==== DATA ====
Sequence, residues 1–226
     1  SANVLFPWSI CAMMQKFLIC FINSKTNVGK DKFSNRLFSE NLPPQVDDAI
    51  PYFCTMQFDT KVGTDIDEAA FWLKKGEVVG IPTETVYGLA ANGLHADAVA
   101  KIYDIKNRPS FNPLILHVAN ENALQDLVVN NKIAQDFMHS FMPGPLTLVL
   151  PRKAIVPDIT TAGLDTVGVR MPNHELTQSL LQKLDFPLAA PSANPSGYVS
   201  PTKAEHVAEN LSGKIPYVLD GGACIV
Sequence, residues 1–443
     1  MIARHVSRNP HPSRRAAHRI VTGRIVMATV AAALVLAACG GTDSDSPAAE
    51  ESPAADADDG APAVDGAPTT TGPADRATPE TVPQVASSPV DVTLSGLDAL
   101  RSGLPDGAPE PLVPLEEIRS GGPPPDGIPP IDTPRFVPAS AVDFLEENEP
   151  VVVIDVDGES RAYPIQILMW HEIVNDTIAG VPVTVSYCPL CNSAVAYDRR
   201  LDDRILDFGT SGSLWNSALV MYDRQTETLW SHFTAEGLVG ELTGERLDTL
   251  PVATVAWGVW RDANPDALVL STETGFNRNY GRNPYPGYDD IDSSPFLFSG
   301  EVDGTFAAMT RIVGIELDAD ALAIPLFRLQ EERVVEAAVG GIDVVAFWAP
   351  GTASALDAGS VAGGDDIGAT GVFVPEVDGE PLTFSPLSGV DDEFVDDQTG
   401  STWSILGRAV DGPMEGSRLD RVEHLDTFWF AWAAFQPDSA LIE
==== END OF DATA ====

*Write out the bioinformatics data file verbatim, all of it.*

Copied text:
Sequence, residues 1–226
     1  SANVLFPWSI CAMMQKFLIC FINSKTNVGK DKFSNRLFSE NLPPQVDDAI
    51  PYFCTMQFDT KVGTDIDEAA FWLKKGEVVG IPTETVYGLA ANGLHADAVA
   101  KIYDIKNRPS FNPLILHVAN ENALQDLVVN NKIAQDFMHS FMPGPLTLVL
   151  PRKAIVPDIT TAGLDTVGVR MPNHELTQSL LQKLDFPLAA PSANPSGYVS
   201  PTKAEHVAEN LSGKIPYVLD GGACIV
Sequence, residues 1–443
     1  MIARHVSRNP HPSRRAAHRI VTGRIVMATV AAALVLAACG GTDSDSPAAE
    51  ESPAADADDG APAVDGAPTT TGPADRATPE TVPQVASSPV DVTLSGLDAL
   101  RSGLPDGAPE PLVPLEEIRS GGPPPDGIPP IDTPRFVPAS AVDFLEENEP
   151  VVVIDVDGES RAYPIQILMW HEIVNDTIAG VPVTVSYCPL CNSAVAYDRR
   201  LDDRILDFGT SGSLWNSALV MYDRQTETLW SHFTAEGLVG ELTGERLDTL
   251  PVATVAWGVW RDANPDALVL STETGFNRNY GRNPYPGYDD IDSSPFLFSG
   301  EVDGTFAAMT RIVGIELDAD ALAIPLFRLQ EERVVEAAVG GIDVVAFWAP
   351  GTASALDAGS VAGGDDIGAT GVFVPEVDGE PLTFSPLSGV DDEFVDDQTG
   401  STWSILGRAV DGPMEGSRLD RVEHLDTFWF AWAAFQPDSA LIE